Space Stations - Bones of Contention
In Bones of Contention children ages 8–13 make models representing bones on Earth and bones that have been in space. They discover what happens to bones without proper exercise and nutrition!
What's the Point?
- The muscles and bones in our bodies stay conditioned by resisting (working against) Earth's gravity
- Because there is no force of gravity for astronauts to work against in space, their bones become weak and porous, similar to what happens in osteoporosis
- Maintaining healthy bones requires exercise and good nutrition
The following materials are for one Bones of Contentionactivity set
A set is recommended for each child
- 1 pencil or dowel (slightly sharpened)
- 2 Styrofoam cups (the taller, the better)
- Children's Guide for Bones of Contention
- Colored markers
For each station:
- Several slightly sharpened pencils
- Colored markers
For the facilitator:
- Younger children may need assistance poking holes in their cups.
- Place the materials and a copy of the Children's Guide for Bones of Contention at the station.
Described in the Children's Guide
One of the biggest challenges facing space travelers is the loss of bone mass. The bones become brittle and are at higher risk of fracture. Bones need physical stress to maintain their health. In microgravity, bones do not get the kind of workout that they do on Earth, and they deteriorate. To counteract this bone loss, astronauts must spend up to two hours every day exercising and they must get proper nutrition (for example, adequate calcium, vitamin D, and other nutrients). And it is not just astronauts that need to get enough exercise and calcium. Kids on Earth do, too!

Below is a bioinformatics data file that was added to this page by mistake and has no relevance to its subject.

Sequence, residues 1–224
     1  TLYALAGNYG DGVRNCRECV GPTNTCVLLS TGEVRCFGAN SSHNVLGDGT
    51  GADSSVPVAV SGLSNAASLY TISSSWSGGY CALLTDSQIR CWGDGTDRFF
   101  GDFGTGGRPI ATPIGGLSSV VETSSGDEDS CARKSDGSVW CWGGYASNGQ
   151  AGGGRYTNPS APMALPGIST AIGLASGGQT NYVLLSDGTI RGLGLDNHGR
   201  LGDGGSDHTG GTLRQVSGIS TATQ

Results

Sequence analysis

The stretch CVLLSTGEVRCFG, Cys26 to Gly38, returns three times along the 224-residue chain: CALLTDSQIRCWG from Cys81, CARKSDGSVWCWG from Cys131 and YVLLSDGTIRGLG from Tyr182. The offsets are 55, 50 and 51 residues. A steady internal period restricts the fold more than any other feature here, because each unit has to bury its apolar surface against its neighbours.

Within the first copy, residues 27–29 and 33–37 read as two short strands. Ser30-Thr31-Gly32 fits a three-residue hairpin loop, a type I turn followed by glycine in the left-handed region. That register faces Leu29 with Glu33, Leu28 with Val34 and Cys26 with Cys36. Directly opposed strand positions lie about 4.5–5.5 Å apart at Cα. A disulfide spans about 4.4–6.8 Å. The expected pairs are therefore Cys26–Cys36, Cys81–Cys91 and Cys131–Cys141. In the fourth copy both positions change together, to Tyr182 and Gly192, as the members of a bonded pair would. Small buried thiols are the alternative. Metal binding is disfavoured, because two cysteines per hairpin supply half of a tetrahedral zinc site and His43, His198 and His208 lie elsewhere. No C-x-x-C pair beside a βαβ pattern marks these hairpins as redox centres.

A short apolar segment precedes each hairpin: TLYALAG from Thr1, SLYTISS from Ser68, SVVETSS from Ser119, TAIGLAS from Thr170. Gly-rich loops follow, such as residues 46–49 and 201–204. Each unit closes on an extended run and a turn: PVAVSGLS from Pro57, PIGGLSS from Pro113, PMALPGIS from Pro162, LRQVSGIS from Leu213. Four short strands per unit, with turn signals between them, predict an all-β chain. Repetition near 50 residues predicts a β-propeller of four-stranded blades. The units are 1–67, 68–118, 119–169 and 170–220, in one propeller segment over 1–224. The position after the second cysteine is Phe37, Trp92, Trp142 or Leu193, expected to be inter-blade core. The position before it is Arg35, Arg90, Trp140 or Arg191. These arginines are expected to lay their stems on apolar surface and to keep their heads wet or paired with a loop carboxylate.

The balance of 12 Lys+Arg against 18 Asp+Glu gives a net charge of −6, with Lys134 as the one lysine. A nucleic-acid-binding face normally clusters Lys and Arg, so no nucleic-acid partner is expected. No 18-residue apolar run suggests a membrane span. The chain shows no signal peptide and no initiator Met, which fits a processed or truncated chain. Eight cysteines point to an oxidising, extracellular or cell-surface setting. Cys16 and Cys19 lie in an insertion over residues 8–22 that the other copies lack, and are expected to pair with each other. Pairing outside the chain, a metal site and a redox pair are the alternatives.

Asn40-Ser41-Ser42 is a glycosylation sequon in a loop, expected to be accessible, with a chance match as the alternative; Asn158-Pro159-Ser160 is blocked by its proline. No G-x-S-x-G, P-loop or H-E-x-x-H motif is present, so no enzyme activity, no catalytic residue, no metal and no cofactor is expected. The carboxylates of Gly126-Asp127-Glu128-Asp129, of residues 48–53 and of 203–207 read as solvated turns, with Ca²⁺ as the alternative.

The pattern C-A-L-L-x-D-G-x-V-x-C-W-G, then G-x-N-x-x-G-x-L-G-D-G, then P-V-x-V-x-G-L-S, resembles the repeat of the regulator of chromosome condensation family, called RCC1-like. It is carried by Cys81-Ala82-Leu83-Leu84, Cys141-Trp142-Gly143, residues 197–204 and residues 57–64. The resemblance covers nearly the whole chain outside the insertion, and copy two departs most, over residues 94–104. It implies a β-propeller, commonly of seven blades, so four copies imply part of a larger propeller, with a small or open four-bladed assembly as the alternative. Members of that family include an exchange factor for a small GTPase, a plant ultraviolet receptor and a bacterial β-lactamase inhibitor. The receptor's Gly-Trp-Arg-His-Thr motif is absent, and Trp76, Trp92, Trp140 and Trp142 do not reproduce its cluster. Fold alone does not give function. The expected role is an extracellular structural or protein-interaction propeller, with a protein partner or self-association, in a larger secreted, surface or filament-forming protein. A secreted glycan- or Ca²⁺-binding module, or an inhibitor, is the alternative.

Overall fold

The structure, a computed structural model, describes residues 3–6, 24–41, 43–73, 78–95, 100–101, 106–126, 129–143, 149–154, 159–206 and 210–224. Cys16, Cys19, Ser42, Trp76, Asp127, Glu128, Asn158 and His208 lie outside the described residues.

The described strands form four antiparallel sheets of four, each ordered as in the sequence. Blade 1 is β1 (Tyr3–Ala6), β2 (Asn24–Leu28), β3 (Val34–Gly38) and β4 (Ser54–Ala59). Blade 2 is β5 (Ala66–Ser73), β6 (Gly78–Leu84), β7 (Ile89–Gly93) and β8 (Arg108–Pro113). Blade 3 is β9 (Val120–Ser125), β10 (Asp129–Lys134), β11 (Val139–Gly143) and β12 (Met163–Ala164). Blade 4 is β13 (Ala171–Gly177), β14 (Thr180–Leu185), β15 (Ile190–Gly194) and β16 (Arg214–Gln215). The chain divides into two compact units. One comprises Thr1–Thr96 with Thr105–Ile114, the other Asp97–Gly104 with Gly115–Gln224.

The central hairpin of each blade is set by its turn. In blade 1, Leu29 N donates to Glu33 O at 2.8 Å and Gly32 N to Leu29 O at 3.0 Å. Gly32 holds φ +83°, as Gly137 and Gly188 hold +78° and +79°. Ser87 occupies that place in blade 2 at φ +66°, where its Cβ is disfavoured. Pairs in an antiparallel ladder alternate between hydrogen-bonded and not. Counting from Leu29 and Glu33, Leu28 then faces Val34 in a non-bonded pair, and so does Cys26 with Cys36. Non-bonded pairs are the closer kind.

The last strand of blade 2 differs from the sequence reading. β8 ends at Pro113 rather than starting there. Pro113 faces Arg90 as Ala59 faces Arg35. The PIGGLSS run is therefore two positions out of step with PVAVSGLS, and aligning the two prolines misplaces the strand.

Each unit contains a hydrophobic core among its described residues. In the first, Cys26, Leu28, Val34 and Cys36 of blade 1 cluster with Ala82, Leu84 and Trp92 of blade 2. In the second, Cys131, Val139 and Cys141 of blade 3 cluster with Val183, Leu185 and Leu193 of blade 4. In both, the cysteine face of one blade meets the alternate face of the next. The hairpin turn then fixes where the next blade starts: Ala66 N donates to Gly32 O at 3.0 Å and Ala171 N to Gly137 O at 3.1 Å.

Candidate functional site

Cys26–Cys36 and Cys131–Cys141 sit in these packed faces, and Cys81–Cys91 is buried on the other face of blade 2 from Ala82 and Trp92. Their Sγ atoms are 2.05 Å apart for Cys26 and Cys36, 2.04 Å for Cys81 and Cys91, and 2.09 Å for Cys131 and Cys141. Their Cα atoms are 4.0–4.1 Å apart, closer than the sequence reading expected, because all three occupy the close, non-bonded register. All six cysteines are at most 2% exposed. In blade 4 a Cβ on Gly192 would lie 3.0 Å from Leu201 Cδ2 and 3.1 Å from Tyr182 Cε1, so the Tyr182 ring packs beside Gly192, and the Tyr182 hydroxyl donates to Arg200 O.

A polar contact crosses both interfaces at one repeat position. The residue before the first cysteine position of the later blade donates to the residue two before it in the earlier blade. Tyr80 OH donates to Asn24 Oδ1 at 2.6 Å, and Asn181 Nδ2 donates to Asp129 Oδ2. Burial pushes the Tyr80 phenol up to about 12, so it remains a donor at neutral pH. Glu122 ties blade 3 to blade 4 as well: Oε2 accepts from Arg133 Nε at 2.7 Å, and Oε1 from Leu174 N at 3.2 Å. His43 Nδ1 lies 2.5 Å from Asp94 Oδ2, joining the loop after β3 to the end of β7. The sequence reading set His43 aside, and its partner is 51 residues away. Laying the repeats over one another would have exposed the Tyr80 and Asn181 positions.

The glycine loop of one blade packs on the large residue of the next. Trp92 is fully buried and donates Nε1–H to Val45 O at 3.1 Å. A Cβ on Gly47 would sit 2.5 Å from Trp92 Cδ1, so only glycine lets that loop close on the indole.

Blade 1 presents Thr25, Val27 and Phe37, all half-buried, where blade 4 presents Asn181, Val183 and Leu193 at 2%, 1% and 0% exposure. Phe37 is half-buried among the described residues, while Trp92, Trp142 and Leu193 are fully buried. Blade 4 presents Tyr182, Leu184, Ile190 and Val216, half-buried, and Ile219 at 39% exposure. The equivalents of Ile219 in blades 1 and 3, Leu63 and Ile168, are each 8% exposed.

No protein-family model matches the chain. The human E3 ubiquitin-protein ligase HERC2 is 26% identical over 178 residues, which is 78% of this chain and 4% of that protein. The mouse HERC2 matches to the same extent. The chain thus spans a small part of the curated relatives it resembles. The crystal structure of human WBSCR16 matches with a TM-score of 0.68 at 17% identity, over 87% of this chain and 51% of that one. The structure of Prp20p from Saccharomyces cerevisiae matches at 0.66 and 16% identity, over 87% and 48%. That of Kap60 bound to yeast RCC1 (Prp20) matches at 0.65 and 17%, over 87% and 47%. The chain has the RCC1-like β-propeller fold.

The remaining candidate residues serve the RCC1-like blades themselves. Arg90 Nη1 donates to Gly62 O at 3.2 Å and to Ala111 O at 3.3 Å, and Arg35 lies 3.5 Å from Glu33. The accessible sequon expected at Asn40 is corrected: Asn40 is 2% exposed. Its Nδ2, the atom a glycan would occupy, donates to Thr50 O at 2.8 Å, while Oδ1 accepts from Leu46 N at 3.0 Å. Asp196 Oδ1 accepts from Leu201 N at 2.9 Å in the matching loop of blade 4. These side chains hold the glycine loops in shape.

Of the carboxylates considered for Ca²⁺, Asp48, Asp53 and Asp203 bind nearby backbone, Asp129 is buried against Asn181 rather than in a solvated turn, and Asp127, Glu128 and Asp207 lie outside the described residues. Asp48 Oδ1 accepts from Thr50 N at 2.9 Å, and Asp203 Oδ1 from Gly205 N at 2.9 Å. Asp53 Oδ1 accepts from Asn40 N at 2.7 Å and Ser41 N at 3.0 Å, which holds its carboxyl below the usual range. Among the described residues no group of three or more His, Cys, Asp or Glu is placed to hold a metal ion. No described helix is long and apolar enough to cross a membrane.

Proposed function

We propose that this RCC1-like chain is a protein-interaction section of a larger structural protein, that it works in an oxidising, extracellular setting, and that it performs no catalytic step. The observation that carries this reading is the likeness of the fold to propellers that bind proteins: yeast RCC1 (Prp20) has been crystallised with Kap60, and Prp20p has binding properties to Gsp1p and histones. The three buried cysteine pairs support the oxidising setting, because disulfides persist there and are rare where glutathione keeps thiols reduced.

A Little Background for the Facilitator
Our bones form the support structure of our bodies. They protect our organs, help us to move around, store minerals (like calcium), and produce blood cells. Bone is living material that is constantly being broken down and formed. Bones are our body's "calcium bank;" calcium is constantly being removed — or resorbed — from the bones to use for other bodily processes.
To maintain healthy bones, in addition to good nutrition (like calcium and vitamin D), we also need to get lots of exercise — because building bone requires physical stress. On Earth, most of our bone growth occurs until we are about 18–20. This is why it is so important to make sure that you drink lots of milk and eat other sources of calcium and get lots of physical activity when you are young. If you don't build healthy bones by the time you are 15–20 years old, you won't be able to make it up later in life. Once you are in your 20's and older, you are no longer building bones, you are maintaining them with good nutrition, vitamin and mineral supplements, and exercise.
In microgravity little physical effort is needed to move around or perform tasks or to hold our body in a rigid posture. Because we don't need bones in space, our body stops devoting resources and energy to maintain them. Astronauts lose approximately 1 to 2% of their bone mass for each month they are in space. This means that they lose 10% of their bone mass in less than a year — on Earth, humans over the age of 50 lose about 10% of their bone mass over a period of 10 years! Too much bone loss can lead to a disease called osteoporosis — where the bones are at much higher risk for fractures and breaks.
Bone mass loss — on Earth or in space — means that bones become more brittle, they fracture and break more easily when stressed. To make the challenge to health even more complex, that calcium coming from bones can be deposited elsewhere in the body and cause problems — like kidney stones.
To counter bone loss astronauts undergo almost two hours of exercise each day, including resistive exercises — strength training — and aerobic exercises — bicycling and walking or running on the treadmill. This physical stress helps to reduce bone loss. NASA medical researchers define how much calcium and other minerals and vitamins are needed by each astronaut, and their meal plans are adjusted to meet these requirements.
Once the astronauts return to Earth (and 1 × gravity) the bone loss stops. Scientists are working to understand if the lost bone can be completely replaced, and if the new bone is the as strong as the original bone. Because space travel has been limited to relatively short visits — very few people have flown more than 6 months, and the longest has been about 14 months — we are still working to understand the impact of extended weightlessness on the human body. NASA is testing new exercise equipment and routines, nutrition, medications, and other ways to help combat the changes to the human body in space.
February 9, 2010